NOLA Life Stories: A First-Hand Account Of Integration: Leona Tate Looks Back At McDonogh 19, New Orleans Public Radio,
September 2, 2014
As a young child without reference, the crowds of protesters awaiting Leona Tate at McDonogh 19 in the Lower 9th Ward sounded like a boisterous Mardi Gras parade.
When the Supreme Court unanimously ruled that separate black and white schools were unconstitutional in Brown v. Board of Education, it seemed desegregation was close at hand. But it took six years before the New Orleans school system was integrated. In the fall of 1960, Leona Tate — then only 6 years old — was one of four young black girls escorted through a crowd of protestors.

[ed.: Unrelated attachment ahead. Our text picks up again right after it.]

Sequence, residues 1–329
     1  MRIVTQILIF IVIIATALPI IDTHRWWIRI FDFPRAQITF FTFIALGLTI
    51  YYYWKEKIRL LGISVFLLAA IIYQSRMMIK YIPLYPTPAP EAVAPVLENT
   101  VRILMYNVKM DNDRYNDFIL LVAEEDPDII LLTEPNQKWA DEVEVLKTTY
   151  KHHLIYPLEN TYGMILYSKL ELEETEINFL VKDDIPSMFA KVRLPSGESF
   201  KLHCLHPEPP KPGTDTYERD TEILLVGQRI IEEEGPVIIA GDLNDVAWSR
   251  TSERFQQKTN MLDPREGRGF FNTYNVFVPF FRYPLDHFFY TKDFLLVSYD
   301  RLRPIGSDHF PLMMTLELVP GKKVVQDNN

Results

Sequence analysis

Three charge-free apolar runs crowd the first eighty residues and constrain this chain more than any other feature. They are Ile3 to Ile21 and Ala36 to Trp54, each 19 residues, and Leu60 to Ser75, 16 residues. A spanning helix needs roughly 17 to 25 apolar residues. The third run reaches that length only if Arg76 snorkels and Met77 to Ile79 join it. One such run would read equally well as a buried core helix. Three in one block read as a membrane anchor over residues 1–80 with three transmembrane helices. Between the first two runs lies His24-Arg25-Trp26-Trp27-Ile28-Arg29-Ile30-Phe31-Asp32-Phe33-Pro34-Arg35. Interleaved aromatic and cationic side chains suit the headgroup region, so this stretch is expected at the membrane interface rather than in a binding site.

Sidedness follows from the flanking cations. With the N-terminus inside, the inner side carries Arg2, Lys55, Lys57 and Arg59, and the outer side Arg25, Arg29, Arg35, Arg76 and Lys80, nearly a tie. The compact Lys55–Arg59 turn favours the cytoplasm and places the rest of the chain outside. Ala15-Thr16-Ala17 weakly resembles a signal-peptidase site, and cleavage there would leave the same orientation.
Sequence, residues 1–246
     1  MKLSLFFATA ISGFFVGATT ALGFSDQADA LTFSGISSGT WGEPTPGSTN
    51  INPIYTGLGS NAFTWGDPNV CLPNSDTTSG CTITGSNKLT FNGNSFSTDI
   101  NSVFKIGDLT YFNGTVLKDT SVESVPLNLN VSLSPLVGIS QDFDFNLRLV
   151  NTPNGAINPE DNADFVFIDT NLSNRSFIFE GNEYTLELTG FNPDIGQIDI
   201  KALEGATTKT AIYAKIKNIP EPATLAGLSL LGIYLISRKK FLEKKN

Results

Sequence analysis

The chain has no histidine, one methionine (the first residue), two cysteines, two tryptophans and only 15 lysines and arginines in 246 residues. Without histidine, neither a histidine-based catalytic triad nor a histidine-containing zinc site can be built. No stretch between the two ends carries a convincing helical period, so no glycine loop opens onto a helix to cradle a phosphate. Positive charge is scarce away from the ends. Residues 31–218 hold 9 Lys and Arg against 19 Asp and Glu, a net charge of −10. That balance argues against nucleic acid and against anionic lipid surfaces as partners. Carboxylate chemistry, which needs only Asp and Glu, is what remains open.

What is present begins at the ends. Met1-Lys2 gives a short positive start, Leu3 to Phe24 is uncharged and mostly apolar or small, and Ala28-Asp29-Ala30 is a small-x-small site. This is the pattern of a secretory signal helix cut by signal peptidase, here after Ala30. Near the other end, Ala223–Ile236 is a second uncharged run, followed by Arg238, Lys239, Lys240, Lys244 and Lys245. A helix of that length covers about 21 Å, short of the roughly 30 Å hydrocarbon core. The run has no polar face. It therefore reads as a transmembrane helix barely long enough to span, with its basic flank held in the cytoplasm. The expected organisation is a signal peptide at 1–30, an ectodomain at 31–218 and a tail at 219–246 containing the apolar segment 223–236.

Click here to hear Leona Tate recall integrating New Orleans’ school system and the reaction of the public.
She later began the Leona Tate Foundation for Change, to strives to enhance racial equality through education. This interview was conducted by historian Mark Cave for The New Orleans Life Story Project at The Historic New Orleans Collection.
By Thomas Walsh & Mark Cave on September 2, 2014